Foodservice Equipment Reports

ADA Doesn't Require Restaurants To Serve Allergen-Free Foods

Accommodation without major alteration to a foodservice operation appears to be the stance taken by the U.S. Department of Justice with regard to how the Americans with Disabilities Act applies to food-allergic customers. The department has just published a Q&A reaffirming that the ADA does not require all restaurants to provide gluten-free or allergen-free foods.

The Q&A indicates the ADA might require restaurants to take what it calls “reasonable steps” to accommodate people with celiac disease and other food allergies, as long as the accommodation doesn't result in a “fundamental alteration” of the restaurant’s operation.

For example, the ADA may require operators to answer questions about menu ingredients and omit or substitute certain ingredients upon request if the restaurant normally does this for other guests. But a restaurant would not be required to “alter its menu or provide different foods to meet particular dietary needs.”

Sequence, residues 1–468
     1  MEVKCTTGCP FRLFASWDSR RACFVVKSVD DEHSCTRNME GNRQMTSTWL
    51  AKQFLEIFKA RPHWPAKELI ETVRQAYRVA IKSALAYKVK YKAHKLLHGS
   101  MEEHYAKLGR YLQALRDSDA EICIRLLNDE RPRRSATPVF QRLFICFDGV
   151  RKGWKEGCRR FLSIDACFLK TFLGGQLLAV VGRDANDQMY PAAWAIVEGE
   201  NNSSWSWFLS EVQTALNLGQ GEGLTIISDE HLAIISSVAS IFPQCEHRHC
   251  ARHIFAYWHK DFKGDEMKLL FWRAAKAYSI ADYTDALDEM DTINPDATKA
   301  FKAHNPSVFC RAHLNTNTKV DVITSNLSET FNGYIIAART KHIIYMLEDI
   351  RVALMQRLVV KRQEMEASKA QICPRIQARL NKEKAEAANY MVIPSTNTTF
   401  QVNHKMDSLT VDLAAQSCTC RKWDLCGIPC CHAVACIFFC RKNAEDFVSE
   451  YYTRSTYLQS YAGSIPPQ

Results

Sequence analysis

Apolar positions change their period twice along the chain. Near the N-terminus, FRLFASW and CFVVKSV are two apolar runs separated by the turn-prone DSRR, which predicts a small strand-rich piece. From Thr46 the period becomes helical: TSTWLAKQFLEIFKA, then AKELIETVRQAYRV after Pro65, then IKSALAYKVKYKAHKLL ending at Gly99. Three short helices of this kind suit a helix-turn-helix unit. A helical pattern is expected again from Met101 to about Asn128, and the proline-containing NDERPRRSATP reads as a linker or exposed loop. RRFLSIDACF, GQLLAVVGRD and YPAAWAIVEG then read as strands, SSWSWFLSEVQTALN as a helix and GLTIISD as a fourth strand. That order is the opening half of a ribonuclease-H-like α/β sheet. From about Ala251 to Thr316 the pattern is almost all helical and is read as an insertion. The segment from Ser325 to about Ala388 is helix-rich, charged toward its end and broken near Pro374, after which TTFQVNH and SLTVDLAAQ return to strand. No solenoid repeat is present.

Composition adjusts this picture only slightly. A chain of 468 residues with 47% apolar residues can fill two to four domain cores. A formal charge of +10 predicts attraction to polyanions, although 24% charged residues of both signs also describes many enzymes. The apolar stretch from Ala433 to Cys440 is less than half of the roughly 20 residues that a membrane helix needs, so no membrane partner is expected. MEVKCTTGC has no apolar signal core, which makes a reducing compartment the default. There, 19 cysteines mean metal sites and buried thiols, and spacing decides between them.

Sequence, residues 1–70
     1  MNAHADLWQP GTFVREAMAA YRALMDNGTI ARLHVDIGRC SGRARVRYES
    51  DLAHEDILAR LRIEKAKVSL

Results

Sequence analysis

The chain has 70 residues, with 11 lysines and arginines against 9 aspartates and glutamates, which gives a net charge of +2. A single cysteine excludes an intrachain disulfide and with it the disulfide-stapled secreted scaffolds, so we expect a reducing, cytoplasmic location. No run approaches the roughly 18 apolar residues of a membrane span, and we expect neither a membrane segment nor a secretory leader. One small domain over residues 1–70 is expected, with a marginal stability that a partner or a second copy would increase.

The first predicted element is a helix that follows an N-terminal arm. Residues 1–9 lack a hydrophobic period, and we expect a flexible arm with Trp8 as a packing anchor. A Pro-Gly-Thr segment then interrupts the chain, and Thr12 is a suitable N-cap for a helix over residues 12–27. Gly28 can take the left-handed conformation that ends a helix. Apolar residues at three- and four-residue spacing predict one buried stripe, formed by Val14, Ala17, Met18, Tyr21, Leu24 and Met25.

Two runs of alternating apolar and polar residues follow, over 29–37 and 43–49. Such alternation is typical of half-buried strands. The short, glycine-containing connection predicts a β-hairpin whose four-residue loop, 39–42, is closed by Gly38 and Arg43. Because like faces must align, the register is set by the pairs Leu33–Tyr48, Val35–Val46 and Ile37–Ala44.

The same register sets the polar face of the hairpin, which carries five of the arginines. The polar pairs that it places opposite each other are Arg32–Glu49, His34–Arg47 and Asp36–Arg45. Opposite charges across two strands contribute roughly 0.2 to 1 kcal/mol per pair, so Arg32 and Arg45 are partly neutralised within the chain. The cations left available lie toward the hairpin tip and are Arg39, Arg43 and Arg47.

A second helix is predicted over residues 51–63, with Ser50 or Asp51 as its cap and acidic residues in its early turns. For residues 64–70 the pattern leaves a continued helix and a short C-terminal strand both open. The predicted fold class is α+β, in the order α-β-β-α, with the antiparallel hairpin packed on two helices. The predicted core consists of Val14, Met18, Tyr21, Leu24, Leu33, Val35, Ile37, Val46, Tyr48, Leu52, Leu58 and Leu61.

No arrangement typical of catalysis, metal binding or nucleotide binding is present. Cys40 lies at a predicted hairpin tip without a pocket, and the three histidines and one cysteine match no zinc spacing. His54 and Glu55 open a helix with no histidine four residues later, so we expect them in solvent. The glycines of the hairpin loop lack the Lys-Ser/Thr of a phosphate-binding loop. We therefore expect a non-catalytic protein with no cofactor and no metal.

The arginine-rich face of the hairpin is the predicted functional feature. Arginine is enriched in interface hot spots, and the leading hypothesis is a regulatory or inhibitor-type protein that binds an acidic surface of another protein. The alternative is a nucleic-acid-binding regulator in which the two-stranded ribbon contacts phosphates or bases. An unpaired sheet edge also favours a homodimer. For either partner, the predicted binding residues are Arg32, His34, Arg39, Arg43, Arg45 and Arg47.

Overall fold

The agency's clarification was prompted by the settlement of an ADA lawsuit filed by food-allergic students at Lesley University in Cambridge, Mass. The school agreed to provide gluten- and allergen-free food options as part of its mandatory meal plan and take other steps to accommodate students with celiac disease and other food allergies.

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